By Chris Gray
By Corey Deiterman
By Jef With One F
By Chris Gray
By Rocks Off
By Rocks Off
A video screen above the stage displayed these films as the orchestra played, and it occurred to me that the best of Ed and Steve Sabol's NFL Films are as vital a relic of the 20th century as the Star Wars flicks. It isn't just the actual football, though the play is always impeccably captured; it's the manner in which they capture the feel of a bygone America. It's almost unbearably nostalgic to see one of them from, say, Baltimore in the '70s. Back then, at least in the Sabols' telling, that town still snapped and crackled as a thriving and proud port city and steel town full of big-shouldered, World War II-veteran, conservative Democratic union workers with crew cuts and beehived wives, all of whom loved the Colts. Contrast that with the images you see of Baltimore now on the news or on shows like The Wire. Today, the Colts are gone, replaced by the more ghoulish Ravens, and the town is known as Bodymore, Murdaland. What's more, it's a burned-out shell of a city, rife with heroin addiction, homicide, AIDS and poverty. What happened?
Sabol and his friends and the composers also prepared a short film for the event: a Texans retrospective. And while it met their high standard stylistically, its editorial thrust was laughable. After all, the franchise's sole memorable highlight remains Billy Miller's lunging touchdown in the Texans' 19-10 triumph over the Cowboys in the franchise's very first game. The film managed to milk that moment of glory for a full five minutes by augmenting it with other footage that transforms Jabar Gaffney into Jerry Rice and Kailee Wong into Lawrence Taylor. Cymbals clashed on all five slobber-knocking tackles the Texans have managed in as many years, the violins circled and wheeled on the home team's precious few long runs, the string section soared as you wondered when Corey Bradford would fumble untouched by any defender. Vader-like horns cropped up again when Kubiak the Magnificent arrived on the scene to bring the pain to the rest of the league.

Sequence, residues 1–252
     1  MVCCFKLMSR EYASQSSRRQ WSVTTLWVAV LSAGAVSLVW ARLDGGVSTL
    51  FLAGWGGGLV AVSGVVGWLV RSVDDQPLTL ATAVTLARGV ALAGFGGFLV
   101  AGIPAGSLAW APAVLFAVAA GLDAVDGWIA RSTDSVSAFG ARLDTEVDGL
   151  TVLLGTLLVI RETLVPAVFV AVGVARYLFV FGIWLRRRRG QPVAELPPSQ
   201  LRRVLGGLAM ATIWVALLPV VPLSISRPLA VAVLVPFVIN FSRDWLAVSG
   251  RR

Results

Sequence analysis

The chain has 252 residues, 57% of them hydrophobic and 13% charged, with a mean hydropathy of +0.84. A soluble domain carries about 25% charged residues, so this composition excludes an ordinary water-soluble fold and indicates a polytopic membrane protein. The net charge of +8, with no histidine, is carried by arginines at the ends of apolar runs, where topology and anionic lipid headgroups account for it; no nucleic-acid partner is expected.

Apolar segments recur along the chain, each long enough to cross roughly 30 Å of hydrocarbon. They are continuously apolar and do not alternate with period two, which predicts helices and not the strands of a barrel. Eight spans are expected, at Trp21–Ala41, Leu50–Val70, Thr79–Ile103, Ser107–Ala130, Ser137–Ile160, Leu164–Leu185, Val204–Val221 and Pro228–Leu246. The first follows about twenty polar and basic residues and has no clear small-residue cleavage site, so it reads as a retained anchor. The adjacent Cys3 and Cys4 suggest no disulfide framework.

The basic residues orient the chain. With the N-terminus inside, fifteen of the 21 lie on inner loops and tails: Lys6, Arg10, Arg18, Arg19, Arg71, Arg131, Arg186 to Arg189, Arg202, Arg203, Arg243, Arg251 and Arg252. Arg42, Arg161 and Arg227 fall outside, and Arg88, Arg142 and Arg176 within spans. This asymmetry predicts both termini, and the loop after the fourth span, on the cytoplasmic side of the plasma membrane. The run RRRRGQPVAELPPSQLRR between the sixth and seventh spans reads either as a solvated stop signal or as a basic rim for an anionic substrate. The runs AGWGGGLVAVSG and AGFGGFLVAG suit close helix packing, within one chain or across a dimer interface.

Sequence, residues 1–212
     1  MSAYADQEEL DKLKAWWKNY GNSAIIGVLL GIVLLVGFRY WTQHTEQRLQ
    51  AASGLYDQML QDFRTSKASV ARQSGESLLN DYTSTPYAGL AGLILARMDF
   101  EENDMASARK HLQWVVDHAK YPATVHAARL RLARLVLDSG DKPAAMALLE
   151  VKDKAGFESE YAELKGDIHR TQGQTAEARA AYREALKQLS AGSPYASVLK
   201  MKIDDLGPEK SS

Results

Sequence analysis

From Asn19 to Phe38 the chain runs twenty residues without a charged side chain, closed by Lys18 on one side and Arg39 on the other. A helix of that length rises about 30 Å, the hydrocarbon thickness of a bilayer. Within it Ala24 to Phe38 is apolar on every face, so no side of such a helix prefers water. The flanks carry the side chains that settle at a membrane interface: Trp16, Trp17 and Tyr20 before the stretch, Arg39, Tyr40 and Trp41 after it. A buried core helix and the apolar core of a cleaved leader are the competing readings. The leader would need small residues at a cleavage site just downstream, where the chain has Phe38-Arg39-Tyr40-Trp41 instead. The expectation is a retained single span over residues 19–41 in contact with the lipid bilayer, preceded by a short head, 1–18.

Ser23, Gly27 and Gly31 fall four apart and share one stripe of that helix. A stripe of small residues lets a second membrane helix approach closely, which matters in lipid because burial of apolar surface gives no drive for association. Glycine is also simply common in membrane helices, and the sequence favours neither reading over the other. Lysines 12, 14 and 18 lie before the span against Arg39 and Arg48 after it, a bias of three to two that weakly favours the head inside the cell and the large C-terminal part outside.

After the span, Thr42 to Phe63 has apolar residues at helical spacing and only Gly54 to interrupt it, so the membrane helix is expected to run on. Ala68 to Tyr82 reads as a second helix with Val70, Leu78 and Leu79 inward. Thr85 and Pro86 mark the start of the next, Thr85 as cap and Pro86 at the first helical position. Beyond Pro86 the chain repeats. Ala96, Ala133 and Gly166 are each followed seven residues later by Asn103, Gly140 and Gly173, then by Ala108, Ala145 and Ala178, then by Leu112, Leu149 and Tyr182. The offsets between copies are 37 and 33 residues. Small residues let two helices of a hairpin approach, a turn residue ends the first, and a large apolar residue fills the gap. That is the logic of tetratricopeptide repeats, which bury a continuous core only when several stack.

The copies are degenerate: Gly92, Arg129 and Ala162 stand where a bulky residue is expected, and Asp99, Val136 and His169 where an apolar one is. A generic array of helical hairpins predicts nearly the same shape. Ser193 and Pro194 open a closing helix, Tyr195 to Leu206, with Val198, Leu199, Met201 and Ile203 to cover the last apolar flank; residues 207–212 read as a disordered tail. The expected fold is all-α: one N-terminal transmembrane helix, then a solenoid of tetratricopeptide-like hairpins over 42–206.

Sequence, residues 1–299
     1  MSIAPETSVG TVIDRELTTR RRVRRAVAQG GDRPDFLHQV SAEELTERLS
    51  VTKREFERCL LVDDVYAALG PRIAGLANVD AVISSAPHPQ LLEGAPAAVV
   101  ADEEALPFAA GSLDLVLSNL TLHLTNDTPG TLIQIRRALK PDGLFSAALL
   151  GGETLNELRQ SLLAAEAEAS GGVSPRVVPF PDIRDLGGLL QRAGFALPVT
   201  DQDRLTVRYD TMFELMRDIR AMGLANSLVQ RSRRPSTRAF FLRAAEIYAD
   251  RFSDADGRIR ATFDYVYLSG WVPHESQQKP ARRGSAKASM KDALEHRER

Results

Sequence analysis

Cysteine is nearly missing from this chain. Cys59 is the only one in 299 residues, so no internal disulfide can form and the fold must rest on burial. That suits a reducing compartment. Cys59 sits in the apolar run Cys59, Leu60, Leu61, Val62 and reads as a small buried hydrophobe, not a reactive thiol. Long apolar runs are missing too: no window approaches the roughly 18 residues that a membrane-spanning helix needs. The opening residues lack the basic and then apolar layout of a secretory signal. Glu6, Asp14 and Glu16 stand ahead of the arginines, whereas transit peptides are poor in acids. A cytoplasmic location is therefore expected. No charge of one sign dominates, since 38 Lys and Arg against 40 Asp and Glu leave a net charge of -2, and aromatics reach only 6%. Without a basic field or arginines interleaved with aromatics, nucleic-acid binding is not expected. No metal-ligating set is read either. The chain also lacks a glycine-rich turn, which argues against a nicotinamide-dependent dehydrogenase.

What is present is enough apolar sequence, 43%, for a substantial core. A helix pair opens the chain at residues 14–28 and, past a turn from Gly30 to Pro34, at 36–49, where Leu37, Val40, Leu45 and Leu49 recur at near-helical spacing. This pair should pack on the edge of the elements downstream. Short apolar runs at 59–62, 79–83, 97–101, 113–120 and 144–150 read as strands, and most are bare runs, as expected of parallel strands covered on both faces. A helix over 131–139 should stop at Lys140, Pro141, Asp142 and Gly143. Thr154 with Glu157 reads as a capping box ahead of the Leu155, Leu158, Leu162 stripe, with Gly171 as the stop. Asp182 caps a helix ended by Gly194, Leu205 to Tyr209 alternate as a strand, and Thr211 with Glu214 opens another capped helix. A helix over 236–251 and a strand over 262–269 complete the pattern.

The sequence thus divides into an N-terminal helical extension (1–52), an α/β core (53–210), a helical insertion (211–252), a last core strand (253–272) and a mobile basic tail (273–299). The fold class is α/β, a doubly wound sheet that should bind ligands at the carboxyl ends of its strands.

The film ended with recent shots of David Carr shredding a befuddled-looking defense with purposeful scrambling and laser-guided throws -- Brett Favre in his prime came to mind. Only the footage was from Texans practice, and the defense he was dominating was his own. I don't know the name of that piece, but had Sabol and the composers had a better sense of humor, it could have been called "Etudes in Ineptitude." But then again, the film did open and close with identical woodwind- and brass-accompanied shots of sunrise over Reliant, strongly implying those lines from Ecclesiastes about there being nothing new under the sun.
All in all, the show made me realize that Fussell might not have developed his ideas far enough. Prole drift runs both ways. Sabol's films and this music did much to drag pro football out of the working-class ghetto, in that his footage, John Facenda's Orson Welles-level narration and Spence's vigorous, manly music helped make it acceptable for the middle classes to unabashedly love pro football.
But as for Jones Hall, the Houston Symphony and the MFAH and their McNair-stroking football shows, I fear he was right. Classical music elevates football, but football can only bring those institutions down. What's next -- rasslin' at the Rothko?